A Community Easter Egg Hunt

The Harriett Tubman community has historically been a community of “to” and “for” activities and programs.  A good example would be a year ago in the Spring of 2009, Hope for the Inner City sponsored an Easter Egg hunt “for” the children of the community.  It was a well attended event and those who came, both children and adults, enjoyed themselves.

Fast forward to February 2010, Jerry Woods, the AmeriCorps representative with Hope for the Inner City, holds a monthly convening with the officers of the Harriett Tubman resident association to discuss what issues they care most about for their community.  A central theme from meeting centered around the children in the community and the fact that the residents would like to have more positive activities and events for the youth to be involved.  One of the residents inquired about the annual Easter Egg hunt and it was decided in the meeting that if there was going to be a successful event for the children that the residents needed to drive the process to make it happen.

Jerry helped plan the event “with” the residents of the neighborhood association.  One of the first positive actions the residents took was to engage the help of the county commissioner who represents the area of town where Harriett Tubman is located.  The residents began meeting with the county commissioner and got his commitment for some financial support from the county to help with the expense of the event.  The residents also contacted local businesses for donations of goods for the event.

The day of the event 14 residents from the community worked the event on behalf of the children in the community.  Instead of the event taking place at the Hope for the Inner City facility, the event was held in the community.  The attendance was very good and the event was a success.  The residents who worked with Jerry Woods to plan and manage the event felt a sense of community pride to know they had worked together on an issue they cared about.

It is the prayer of Hope for the Inner City that the residents of the community use this event as a reminder of what they are capable of accomplishing when they come together as a community on their own behalf.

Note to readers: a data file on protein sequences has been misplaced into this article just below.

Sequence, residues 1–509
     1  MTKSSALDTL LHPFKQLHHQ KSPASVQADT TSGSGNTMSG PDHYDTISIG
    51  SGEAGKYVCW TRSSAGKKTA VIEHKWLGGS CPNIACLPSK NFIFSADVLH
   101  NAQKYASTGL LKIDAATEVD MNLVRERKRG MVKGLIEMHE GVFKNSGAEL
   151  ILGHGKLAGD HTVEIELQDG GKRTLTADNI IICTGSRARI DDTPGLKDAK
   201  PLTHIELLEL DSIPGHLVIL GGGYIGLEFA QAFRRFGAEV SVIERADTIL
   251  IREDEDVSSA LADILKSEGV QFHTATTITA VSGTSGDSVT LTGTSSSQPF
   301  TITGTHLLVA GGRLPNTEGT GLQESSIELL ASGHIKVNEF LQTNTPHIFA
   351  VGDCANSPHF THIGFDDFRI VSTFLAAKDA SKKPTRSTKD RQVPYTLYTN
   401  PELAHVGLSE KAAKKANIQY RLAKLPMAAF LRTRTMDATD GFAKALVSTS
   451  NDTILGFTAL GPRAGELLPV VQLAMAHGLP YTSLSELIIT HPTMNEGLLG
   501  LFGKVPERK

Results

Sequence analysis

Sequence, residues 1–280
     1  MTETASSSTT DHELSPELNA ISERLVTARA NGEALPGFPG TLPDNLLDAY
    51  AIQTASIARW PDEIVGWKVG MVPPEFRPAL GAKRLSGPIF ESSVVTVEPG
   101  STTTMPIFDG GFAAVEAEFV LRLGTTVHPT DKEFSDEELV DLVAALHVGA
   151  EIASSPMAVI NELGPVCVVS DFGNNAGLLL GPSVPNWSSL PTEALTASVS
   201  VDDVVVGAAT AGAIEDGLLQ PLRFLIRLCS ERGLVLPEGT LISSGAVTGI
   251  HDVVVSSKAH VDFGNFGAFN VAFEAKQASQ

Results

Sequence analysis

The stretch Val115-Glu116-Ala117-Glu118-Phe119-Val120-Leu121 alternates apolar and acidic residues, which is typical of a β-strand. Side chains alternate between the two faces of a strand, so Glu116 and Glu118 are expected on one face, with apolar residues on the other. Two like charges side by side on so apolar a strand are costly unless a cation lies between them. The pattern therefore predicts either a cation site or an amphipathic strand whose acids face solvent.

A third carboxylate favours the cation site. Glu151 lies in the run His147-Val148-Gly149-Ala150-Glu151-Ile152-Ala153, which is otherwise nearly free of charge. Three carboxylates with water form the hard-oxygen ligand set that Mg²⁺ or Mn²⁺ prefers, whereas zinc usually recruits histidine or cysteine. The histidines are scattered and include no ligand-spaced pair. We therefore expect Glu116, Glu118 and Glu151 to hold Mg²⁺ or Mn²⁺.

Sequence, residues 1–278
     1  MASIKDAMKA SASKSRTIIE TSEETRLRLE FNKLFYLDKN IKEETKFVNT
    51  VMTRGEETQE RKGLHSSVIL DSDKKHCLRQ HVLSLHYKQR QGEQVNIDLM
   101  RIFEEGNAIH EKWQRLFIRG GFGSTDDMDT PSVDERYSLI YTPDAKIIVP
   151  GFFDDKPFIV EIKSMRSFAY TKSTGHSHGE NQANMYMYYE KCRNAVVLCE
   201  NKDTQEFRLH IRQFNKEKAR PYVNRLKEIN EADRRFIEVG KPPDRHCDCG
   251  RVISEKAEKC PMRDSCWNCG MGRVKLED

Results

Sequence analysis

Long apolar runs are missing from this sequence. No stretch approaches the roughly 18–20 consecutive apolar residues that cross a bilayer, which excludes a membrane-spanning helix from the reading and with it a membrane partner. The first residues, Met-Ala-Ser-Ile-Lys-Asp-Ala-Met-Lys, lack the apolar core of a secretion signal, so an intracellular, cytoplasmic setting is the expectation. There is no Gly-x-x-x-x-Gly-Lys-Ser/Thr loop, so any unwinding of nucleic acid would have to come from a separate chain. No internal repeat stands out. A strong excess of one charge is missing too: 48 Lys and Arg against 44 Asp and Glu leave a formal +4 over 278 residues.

Great Neighbors

Great neighbors make great neighborhoods; Great neighborhoods make great towns and cities:

Sarah is a good neighbor to us. She is friendly, quick to chat. She has work connections that give her insider information about plant sales and she passes that information along to her neighbors. She is a willing helper watching neighbor children for a minute when the mom has to run to the corner grocery. Sarah has willingly given a cup of brown sugar when her neighbor ran out. She shares generously. Sarah has a ladder I need to borrow at times and I have a snow blower she uses. We share quite a few things, making life simpler for both us. When I blow her drive, she brings over fresh baked cinnamon rolls – so good! Sarah is a good neighbor!

There is another level of neighboring. Sarah has helped her neighbors Joe and Rene connect because Rene needed someone to watch her kids get on the school bus in the morning, because she was off to work before the bus came. Joe lives with a disability and is prone to depression. Getting up on time every morning to watch the kids get on the bus helps him get up and start his day with purpose. Sarah is a connector in the neighborhood. She is also finding ways to set the table for neighbors to interact together because neighbors who interact and know each other enjoy their community more. Sarah has offered her home as a place for neighbors to gather. She has organized block parties. Sarah builds the fabric of community.

Sarah has also been active in a community listening. Sarah loves to get neighbors dreaming about making their neighborhood the best it can be. Life here will be more like heaven when… As Sarah discovers what neighbors care about, ect., around common hopes and dreams so they can work together on what they care about. Sarah is a great neighbor because she takes responsibility for the condition of her neighborhood.